Big league struggles could cost Curve


As the Pirates’ freefall toward what may become a dreadful season continues, there’s a good chance it will have a negative impact on what otherwise could be another run at an Eastern League championship for the Curve.

The Bucs (40-48) are now eight games under .500 with three weeks left until the trade deadline, and if they continue to sink, you can bet several key pieces of the big league club will be dealt away. That includes potentially Josh Harrison, Jordy Mercer, David Freese and perhaps even Francisco Cervelli and Corey Dickerson, among others.

If some or all of those guys depart, they will be replaced primarily by Triple-A players, then Curve guys will have to be called up to Triple-A to fill holes. There also will be injuries along the way, meaning more Triple-A guys will be needed in Pittsburgh, expanding the trickle-down effect.

None of this is new in the minor leagues. It’s the way things work, to some degree, every year.

But this year is different than really anything we’ve seen in Altoona because it combines what looks like a major Pirates rebuilding year in the big leagues with a Curve team that’s probably good enough to win an EL title. It’s hard to have both of those things coexist within an organization in the same year, simply because raiding the Double-A club would inherently be a component of such a rebuild.

OK, this is where I take a step back and state the obvious: Minor league baseball is not about winning and losing. The primary goal is to get players ready for the big league club.

So, whatever happens to the Curve this season, good or bad, will pale in comparison if the Pirates lose 90-plus games.

Now, having said that, let’s be realistic about one other thing: Even if the Pirates are bad, fans in Altoona still want to see the Curve win. We’ve all been spoiled by seeing it happen so much, with eight playoff appearances in 19 seasons, including the last three years, and two EL titles.

The way things stand now, the Pirates could be forced to move numerous Curve players up to Triple-A earlier than they usually would simply because of the numbers crunch above.

One example could be shortstop Cole Tucker. If the Pirates trade Harrison and Mercer, they almost certainly would have to call up Kevin Newman and Kevin Kramer from Triple-A. Tucker generally has gone up a level the same time as Newman, and that could happen again in a few weeks, even though Tucker (.245 average, .623 OPS) still needs more development time in Double-A.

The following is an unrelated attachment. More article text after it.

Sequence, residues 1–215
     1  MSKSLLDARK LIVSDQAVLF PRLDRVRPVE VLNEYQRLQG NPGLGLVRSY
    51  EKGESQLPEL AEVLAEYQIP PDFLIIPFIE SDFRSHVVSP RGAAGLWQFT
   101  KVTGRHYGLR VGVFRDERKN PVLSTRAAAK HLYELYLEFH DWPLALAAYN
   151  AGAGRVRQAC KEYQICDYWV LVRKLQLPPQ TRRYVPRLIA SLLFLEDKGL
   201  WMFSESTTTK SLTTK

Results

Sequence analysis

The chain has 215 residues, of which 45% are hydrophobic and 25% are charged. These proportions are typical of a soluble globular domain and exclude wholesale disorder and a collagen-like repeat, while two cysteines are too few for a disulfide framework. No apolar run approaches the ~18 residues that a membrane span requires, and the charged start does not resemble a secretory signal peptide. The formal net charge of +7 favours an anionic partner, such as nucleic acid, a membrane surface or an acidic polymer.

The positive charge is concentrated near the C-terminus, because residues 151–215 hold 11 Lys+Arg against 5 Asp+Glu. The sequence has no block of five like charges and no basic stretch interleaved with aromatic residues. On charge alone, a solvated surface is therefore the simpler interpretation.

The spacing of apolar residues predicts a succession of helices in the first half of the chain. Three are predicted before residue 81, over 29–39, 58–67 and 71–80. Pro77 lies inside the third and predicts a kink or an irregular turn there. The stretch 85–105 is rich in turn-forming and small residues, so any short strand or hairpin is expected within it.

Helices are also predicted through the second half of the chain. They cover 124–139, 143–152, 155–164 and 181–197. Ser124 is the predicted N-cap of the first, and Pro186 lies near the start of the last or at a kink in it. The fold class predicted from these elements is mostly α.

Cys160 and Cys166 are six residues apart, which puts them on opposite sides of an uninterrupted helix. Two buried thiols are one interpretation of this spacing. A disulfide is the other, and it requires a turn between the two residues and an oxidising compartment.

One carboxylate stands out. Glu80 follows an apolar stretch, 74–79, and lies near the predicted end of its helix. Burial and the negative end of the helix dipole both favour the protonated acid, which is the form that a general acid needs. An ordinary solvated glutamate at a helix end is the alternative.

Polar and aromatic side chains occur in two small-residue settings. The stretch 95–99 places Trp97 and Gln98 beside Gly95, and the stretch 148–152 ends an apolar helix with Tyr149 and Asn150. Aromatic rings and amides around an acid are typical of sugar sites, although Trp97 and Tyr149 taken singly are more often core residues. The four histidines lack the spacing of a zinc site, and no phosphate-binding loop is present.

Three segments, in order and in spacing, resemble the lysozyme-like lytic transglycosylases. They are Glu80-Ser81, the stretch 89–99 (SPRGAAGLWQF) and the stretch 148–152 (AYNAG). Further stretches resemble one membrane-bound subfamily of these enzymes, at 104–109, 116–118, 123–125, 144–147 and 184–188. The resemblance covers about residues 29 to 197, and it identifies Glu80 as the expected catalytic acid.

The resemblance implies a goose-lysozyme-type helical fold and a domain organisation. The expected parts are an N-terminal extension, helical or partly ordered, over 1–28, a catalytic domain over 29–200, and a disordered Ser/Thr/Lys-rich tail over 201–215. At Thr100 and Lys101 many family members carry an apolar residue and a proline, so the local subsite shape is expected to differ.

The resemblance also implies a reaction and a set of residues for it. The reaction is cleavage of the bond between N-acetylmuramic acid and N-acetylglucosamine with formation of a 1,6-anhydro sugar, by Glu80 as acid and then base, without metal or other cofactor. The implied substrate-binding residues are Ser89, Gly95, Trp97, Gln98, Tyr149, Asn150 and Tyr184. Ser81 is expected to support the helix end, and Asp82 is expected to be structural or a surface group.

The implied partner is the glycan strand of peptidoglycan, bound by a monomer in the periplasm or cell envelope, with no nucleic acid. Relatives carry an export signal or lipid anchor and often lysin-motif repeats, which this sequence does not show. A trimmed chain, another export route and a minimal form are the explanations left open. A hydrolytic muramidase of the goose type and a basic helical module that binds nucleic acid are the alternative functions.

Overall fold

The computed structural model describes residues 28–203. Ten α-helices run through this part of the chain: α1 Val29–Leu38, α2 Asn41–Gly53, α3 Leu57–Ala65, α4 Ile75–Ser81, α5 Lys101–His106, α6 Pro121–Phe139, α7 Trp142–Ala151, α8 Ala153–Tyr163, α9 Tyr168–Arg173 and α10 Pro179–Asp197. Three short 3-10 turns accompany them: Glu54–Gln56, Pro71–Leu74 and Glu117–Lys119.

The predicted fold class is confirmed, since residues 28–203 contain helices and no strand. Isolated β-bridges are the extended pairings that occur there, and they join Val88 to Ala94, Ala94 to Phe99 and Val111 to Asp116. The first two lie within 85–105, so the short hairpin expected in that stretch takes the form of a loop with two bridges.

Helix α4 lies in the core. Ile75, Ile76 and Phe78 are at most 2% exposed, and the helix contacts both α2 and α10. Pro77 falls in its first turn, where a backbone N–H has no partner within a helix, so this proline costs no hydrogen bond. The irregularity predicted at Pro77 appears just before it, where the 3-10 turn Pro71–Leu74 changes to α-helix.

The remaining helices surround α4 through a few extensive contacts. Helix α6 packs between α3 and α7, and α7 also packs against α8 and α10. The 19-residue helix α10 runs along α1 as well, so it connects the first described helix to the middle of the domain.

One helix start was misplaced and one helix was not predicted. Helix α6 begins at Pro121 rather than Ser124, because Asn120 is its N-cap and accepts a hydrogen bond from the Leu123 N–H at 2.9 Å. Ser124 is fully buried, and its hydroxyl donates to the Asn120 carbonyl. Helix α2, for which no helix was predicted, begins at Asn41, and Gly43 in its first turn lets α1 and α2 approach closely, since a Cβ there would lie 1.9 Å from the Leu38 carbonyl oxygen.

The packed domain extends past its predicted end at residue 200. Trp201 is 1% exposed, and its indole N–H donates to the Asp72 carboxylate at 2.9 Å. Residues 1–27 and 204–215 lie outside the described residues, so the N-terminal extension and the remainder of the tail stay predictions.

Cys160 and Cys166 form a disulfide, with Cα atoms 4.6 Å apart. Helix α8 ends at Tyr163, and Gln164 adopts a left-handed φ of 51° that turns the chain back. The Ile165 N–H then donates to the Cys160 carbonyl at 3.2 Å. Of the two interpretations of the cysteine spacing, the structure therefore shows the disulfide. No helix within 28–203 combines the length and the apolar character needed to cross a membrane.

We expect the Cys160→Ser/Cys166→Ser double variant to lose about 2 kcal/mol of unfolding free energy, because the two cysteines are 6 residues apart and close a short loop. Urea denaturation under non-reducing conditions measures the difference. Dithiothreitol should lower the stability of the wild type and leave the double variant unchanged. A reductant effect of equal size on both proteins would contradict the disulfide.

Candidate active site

In a typical year, third baseman Ke’Bryan Hayes and first baseman Will Craig would be with the Curve-A all season, since both are first-year Double-A guys. But if Indy loses a bunch of players to Pittsburgh, then both of those guys might go to Triple-A quicker than the Bucs usually would prefer.

Curve manager Michael Ryan fully understands how all of this works and the impact it could have on his team the rest of the season.

“That’s the reality, to be honest with you,” he said of balancing all the aspects. “As a developmental coach here, we try to develop players, (and) the No. 1 goal is to get them to Pittsburgh.

“All that goes into the equation each day,” Ryan added. “The goal is to make our team better in Pittsburgh, and if you have to trade guys away, especially at this time, that stuff’s going to come up, then that’s what happens. Do you want to trade any of our guys? Absolutely not. Do I want anyone in that room to get traded? No. Do I want them to go to Triple-A? Yes.”

The Curve already have lost ace pitcher Mitch Keller and pitching prospects Brandon Waddell and J.T. Brubaker to Triple-A. Those moves were expected, since all three had been in Double-A for parts of at least two seasons, and the same can be said for standout outfielder Jason Martin.

Despite those big losses, Altoona (44-39) has managed to remain in second place in the Western Division and in good shape for a playoff berth. For now at least.

The Pirates have had so many pitching problems at the higher levels that it has depleted the Curve staff, forcing relievers into unusual spots and even forcing the use of a position player to save a game on the mound in the 10th inning. The latter is absolutely absurd in pro ball but was necessary for this club.

As the year goes on, there undoubtedly will be more pitching issues at the major league level, so the Curve will be further impacted. It would be great if the Pirates would go spend a few thousand dollars to sign some independent ball pitchers to help out in the minors, something they have done in the past for the Curve but which has yet to happen this year.

It truly is a shame to see what’s happened in Pittsburgh over the past two months. The Pirates got off to such a promising start, and there was a lot of hope that everyone who predicted a rough season would be wrong. Now, all of those dire predictions appear to be coming true.

Sure, it may be a little selfish for people in Altoona to want to see the Curve continue to play well regardless of what’s going on in Pittsburgh, but that’s human nature when you’re still spending money to go out to the local minor league game.

If the Pirates plunder away too many more Curve players, it probably won’t have a major impact on the season in Pittsburgh, but it could derail the local club’s chances of doing special things.

Yes, that’s minor league baseball for you. But a lot of this could have been avoided had the Pirates made better moves at the big league level in the first place, preventing any sort of potential for a collapse from the top down.

Cory Giger is the host of “Sports Central” weekdays from 4 to 6 p.m. on ESPN Radio 1430 WVAM.